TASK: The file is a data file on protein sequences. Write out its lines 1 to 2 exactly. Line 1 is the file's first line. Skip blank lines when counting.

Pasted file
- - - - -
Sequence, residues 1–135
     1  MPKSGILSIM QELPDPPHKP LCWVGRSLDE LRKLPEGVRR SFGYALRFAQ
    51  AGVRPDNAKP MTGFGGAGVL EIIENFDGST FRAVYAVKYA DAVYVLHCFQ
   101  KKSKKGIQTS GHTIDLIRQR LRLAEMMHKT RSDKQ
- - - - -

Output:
Sequence, residues 1–135
     1  MPKSGILSIM QELPDPPHKP LCWVGRSLDE LRKLPEGVRR SFGYALRFAQ